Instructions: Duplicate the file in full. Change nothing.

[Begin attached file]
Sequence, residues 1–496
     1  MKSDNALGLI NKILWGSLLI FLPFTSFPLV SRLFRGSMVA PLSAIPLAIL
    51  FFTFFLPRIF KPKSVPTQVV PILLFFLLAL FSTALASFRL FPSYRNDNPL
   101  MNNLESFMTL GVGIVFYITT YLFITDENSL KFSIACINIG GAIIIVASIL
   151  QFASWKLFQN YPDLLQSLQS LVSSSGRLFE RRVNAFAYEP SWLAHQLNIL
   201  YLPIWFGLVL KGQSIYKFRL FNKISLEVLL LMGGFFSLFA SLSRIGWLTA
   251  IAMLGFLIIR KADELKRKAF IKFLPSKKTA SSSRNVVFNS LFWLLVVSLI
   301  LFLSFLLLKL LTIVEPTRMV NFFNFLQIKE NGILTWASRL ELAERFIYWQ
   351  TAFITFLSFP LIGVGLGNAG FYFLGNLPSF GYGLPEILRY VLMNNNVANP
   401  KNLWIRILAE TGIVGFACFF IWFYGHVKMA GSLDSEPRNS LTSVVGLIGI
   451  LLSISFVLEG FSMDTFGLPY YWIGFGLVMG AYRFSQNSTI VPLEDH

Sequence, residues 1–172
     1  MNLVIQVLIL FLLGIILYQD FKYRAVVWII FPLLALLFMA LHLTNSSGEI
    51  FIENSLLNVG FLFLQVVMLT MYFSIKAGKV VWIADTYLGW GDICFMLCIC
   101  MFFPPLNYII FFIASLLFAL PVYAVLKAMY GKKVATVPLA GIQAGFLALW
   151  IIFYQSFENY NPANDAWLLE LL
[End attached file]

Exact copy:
Sequence, residues 1–496
     1  MKSDNALGLI NKILWGSLLI FLPFTSFPLV SRLFRGSMVA PLSAIPLAIL
    51  FFTFFLPRIF KPKSVPTQVV PILLFFLLAL FSTALASFRL FPSYRNDNPL
   101  MNNLESFMTL GVGIVFYITT YLFITDENSL KFSIACINIG GAIIIVASIL
   151  QFASWKLFQN YPDLLQSLQS LVSSSGRLFE RRVNAFAYEP SWLAHQLNIL
   201  YLPIWFGLVL KGQSIYKFRL FNKISLEVLL LMGGFFSLFA SLSRIGWLTA
   251  IAMLGFLIIR KADELKRKAF IKFLPSKKTA SSSRNVVFNS LFWLLVVSLI
   301  LFLSFLLLKL LTIVEPTRMV NFFNFLQIKE NGILTWASRL ELAERFIYWQ
   351  TAFITFLSFP LIGVGLGNAG FYFLGNLPSF GYGLPEILRY VLMNNNVANP
   401  KNLWIRILAE TGIVGFACFF IWFYGHVKMA GSLDSEPRNS LTSVVGLIGI
   451  LLSISFVLEG FSMDTFGLPY YWIGFGLVMG AYRFSQNSTI VPLEDH

Sequence, residues 1–172
     1  MNLVIQVLIL FLLGIILYQD FKYRAVVWII FPLLALLFMA LHLTNSSGEI
    51  FIENSLLNVG FLFLQVVMLT MYFSIKAGKV VWIADTYLGW GDICFMLCIC
   101  MFFPPLNYII FFIASLLFAL PVYAVLKAMY GKKVATVPLA GIQAGFLALW
   151  IIFYQSFENY NPANDAWLLE LL